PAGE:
One of the things that used to bother me was Leon's "hunched over" look coupled with his pre-posed arms. This really limited the number of poses Leon could do. That said, Leon is in that pose most of the time in Resident Evil 4 (video game). Not to mention that most figures during that time had a limited amount of articulation as well (for a 7-inch collector figure line). Leon looks great when posing with his handgun, but otherwise looks extremely awkward without it.
My biggest problem lies with Leon's inability to hold most of his accessories. His pre-posed hands need to be "tightened" a bit more, at least just enough so that his weapons won't wobble around (especially the sub-machine gun) when placed in his right hand. Either that or have the grip of Leon's weapons be thicker. However, I believe NECA designed him with a "looser" grip so that Leon can actually grasp the shotgun accessory. Also, what's up with that "opened palm" left hand? Is Leon gonna have to smack a bitch? Or perhaps do the "talk to the hand" bit?
Without a doubt, NECA is well known for their attention to detail, and this figure is no different from the rest of their offerings (at the time). The "leather" straps around Leon's upper body is extremely well sculpted. I especially love the sculpt of the sidearm holster which is under Leon's left arm. Unfortunately, his handgun accessory doesn't stay for long and eventually falls out. The other holster strapped around Leon's right leg is a little "squished" for some reason, but it can hold the handgun pretty well. The only thing that sticks out like a sore thumb is Leon's right hand where one of his fingers has some sort of cyst growing out of control.
Leon S. Kennedy is articulated with: ball-jointed neck, ball-jointed shoulders, swivel biceps, swivel wrists, swivel waist, and swivel ankles.
The amount of articulation on Leon is pretty standard back then as it is even now with the exception of a few ball-joints here and there. However, an "ab-crunch" joint would've definitely improved this figure a lot. Since this was NECA's first foray into the Resident Evil world (and probably because they were given a limited budget), collectors like myself should consider themselves lucky to even have a Resident Evil figure in their hands.
My only question is this: why bother adding articulation for the ankles? More specifically what's the point of having articulation in his left ankle when the sculpt of his jeans limits any movement? The right ankles swivels quite nicely, but the left ankle slightly budges. I would've kept that money and put it towards another area.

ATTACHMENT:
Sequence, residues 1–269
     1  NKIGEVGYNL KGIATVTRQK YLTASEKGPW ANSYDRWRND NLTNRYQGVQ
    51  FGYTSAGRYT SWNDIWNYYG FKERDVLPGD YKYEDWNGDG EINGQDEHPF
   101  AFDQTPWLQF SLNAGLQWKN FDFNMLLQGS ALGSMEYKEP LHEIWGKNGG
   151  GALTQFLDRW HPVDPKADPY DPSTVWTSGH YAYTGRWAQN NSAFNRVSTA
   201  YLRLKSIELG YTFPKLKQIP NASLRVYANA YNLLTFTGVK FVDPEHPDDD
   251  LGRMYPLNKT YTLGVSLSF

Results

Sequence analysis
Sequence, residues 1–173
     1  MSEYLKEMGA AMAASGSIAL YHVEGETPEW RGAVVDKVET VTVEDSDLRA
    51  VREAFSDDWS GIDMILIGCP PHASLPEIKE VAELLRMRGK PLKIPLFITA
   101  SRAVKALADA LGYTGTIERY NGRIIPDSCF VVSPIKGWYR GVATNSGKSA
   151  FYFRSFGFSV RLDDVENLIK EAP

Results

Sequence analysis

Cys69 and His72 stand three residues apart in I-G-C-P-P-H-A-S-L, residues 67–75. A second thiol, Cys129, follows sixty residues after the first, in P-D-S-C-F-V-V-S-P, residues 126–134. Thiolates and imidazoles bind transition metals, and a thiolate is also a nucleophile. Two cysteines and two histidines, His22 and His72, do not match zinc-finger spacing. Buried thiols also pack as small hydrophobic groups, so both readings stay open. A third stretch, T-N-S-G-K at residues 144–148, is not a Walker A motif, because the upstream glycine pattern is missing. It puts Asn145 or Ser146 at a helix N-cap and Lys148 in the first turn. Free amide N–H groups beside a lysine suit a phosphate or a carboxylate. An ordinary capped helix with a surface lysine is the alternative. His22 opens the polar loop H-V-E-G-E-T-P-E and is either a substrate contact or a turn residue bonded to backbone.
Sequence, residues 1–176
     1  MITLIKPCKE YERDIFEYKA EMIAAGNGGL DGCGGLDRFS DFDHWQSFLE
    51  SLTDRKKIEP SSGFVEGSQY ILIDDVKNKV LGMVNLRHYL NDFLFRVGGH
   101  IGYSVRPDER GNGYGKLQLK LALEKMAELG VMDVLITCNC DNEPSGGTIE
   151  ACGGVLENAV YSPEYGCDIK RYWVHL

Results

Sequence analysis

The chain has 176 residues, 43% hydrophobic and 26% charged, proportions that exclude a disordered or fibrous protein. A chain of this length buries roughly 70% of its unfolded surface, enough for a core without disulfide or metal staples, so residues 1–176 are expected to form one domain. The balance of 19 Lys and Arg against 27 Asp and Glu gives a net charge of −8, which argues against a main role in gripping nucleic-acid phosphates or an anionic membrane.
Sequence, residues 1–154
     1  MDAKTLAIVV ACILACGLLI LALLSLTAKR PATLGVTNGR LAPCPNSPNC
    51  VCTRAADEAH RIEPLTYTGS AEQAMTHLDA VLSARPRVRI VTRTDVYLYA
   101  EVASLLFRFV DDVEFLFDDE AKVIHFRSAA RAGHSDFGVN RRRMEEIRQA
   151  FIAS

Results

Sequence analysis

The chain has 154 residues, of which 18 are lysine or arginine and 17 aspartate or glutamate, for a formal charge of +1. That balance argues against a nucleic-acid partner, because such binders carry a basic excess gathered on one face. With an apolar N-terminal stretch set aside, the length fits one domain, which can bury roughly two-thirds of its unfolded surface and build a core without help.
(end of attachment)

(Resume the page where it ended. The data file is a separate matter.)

That said, I would love to see NECA redo some of the their previously released Resident Evil figures and give them even more articulation (and improve some of their sculpts), like they've done with their Gears of War line.
Most of the paint application on this figure is pretty spot on. A few stray marks here and there, spots here and there don't detract from the overall value of the figure. However, as others have mentioned, when you look underneath Leon's nose, you'll notice that NECA actually painted Leon's nostrils! It really looks... distracting, but it's not noticeable when you place him on the table. Just try not to look underneath Leon. You've been warned.
The main thing that bothers me about this figure is the color of Leon's pants. I do recall Leon wearing dark blue jeans, not black. So why has NECA given Leon a pair of black jeans? Strange, isn't it? So much for video game accuracy... (Actually depending on what light you're using, you will be able to notice that Leon's jeans are dark blue or at least they're not absolutely black).
Either because the sculpt of the right hand or (most likely) due to the plastic material of his handgun, the "flesh" paint inside of Leon's right hand is easily scraped off revealing the black underneath. Maybe NECA should rely on using softer rubber-like material for their weapon accessories (like they did with Resident Evil 5's Sheva Alomar's handgun).
|Couldn't find all the accessories for the photo shoot|
|"What... what is this?"|
|You know what they say about people who carry really small knives...|
This figure comes in a really bulky clamshell, which you'd think protects the figure and the package itself really well, but it doesn't. Due to the sheer size, I think NECA decided to use really thin plastic because it really doesn't do a good job of staying together and is easily dented and scratched. The backdrop of the packaging is of the church surrounded by a graveyard with strange Ganado symbols.
It's been quite some time since I purchased this figure, so I no longer remember how much I paid for this bad boy. However, you can look online now and see how inflated the prices are. For some reason though, Leon (with jacket) costs way more than Leon (without jacket). Strange, huh? Maybe that rocket launcher accessory is really something...
Nicolle M. Puzzo
Licensing for Capcom
* Finally a Resident Evil figure from the popular "Resident Evil 4" video game (thank you, NECA)!
* Pretty amazing detailing job done by the NECA crew.
* Facial sculpt of Leon S. Kennedy is pretty "video game" accurate!
* Figure made from very durable material (dropped this sucker a few times, not on purpose, I swear)!
* Love the inclusion of the ball-jointed articulation.
* Mostly useless accessories.
* Limited articulation (but that was pretty standard back in the day).
* Strange articulation in certain places.
* Most of the accessories don't fit in either hand.
* Retailers trying to milk Resident Evil enthusiasts by creating artificial "demand" by hiking prices between the Leon S. Kennedy (without coat) and Leon S. Kennedy (with coat) even though these were available 50/50 per case!